PORT-AU-PRINCE, Haiti (AP) — Every day as Daniel Marie Carmel’s husband put on his bulletproof vest and stepped out for another day of fighting Haiti’s gangs, she wondered if he would come home. home that night.
Friday was the day her smiling husband of 18, Ricken Staniclasse, didn’t.
One of nearly 200 nationwide gangs ambushed his police unit that morning, sending gunfire echoing through the streets of an unexpected neighborhood – a mansion-lined stretch of the country’s capital, Port-au-Prince.
A gang led by Lionel Lazarre battled the police patrol in the sweltering Caribbean heat as officers desperately called for backup. But help never came, the country’s police union said.
The fighting killed three officers, hospitalized a fourth with gunshot wounds and left Staniclasse, 44, missing.
Carmel, meanwhile, was terrified for herself and their three children.
“My husband was in a lot of fights with the gangs, and we don’t know what could happen to us,” said Carmel, 43, curled up on her red sofa surrounded by neighbors. “I can’t sleep at home anymore because I don’t know what could happen to us.”
The shooting was just the latest example of how Haitian gangs have grown in power and expanded their reach, leaving much of the population terrorized.
While the United Nations estimates that 60% of Port-au-Prince is controlled by gangs, today most Haitians on the streets believe that figure is closer to 100%.
Haiti has grappled with rampant gang violence for years, but the country descended into anarchy after the 2021 murder of former President Jovenel Moïse.
Powerful gangs have taken advantage of the political chaos and discontent with the current government led by Prime Minister Ariel Henry to further consolidate their control.
The government failed to quell the violence, forcing many people to flee their homes. News of rapes, kidnappings and ambushes against police have become the new normal.
Jolicoeur Allande Serge, director of the police unit that was attacked, said Friday’s blitz in the Pétion-Ville neighborhood was a sign of that. He noted that moving to upper-class neighborhoods “benefits (gangs’) economic interests”.
Kidnappings and ransoms of up to $1 million have been a key part of funding these armed groups.
Meanwhile, police units are struggling to keep up.
While Canada and the United States have sent armored vehicles and other supplies to Haiti, law enforcement officials say that’s only a fraction of what they really need.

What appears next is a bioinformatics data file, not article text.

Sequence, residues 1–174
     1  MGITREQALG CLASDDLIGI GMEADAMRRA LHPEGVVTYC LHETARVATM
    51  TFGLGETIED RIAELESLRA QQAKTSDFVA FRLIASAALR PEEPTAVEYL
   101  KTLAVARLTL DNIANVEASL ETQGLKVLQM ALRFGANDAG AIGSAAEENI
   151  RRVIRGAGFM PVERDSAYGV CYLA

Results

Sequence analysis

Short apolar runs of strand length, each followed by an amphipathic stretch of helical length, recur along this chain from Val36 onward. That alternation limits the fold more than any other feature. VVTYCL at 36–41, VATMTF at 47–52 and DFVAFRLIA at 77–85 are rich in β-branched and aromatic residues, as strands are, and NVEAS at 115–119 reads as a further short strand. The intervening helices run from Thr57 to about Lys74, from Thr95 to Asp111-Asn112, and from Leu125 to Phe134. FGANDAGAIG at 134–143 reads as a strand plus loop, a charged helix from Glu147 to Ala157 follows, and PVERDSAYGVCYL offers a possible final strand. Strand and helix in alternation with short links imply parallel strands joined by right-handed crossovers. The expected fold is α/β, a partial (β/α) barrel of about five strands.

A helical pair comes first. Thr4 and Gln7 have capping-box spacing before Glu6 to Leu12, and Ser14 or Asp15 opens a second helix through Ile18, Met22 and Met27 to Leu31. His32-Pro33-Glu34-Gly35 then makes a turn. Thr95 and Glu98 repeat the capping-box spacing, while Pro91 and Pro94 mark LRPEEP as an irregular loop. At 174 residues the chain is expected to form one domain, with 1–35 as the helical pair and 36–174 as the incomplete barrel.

The tension remained high on Saturday and, in the afternoon, Serge found himself in the middle of a group of armored trucks riddled with bullets. Officers armed with automatic weapons, their faces covered in black masks, were busy.
A group of 50 officers were returning to the area where they fought Friday night in an attempt to break through a gang blockade and search for the missing officer, Staniclasse.
“I lost three men… We are not afraid. We are frustrated because we don’t have enough equipment to fight,” Serge said as he watched a convoy of police trucks drive out of the police station. “We need ammunition, helmets, armored vehicles.”
Analysts expect the bloodshed to worsen, particularly after Haiti’s last 10 elected officials ended their terms in the Senate in early January, leaving parliament and the presidency vacant because the government did not hold elections.
Critics say this has turned Haiti into a “de facto dictatorship”.
Meanwhile, people like Daniel Marie Carmel feel a loss of hope for their country. Carmel said her husband always hoped he could help clean up his town. Together they built a home and a life together. Their 11-year-old son dreamed of following in his father’s footsteps.
“He loved people, he loved helping people,” she said of her husband.
But two years ago, the violence started to get so bad in their neighborhood that they applied for a visa to emigrate to the United States, hoping to join an exodus of people leaving Haiti. They never got an answer.
“I don’t know if he’s alive or dead, but I’m worried,” she said. “If we could leave the country, my husband would be alive.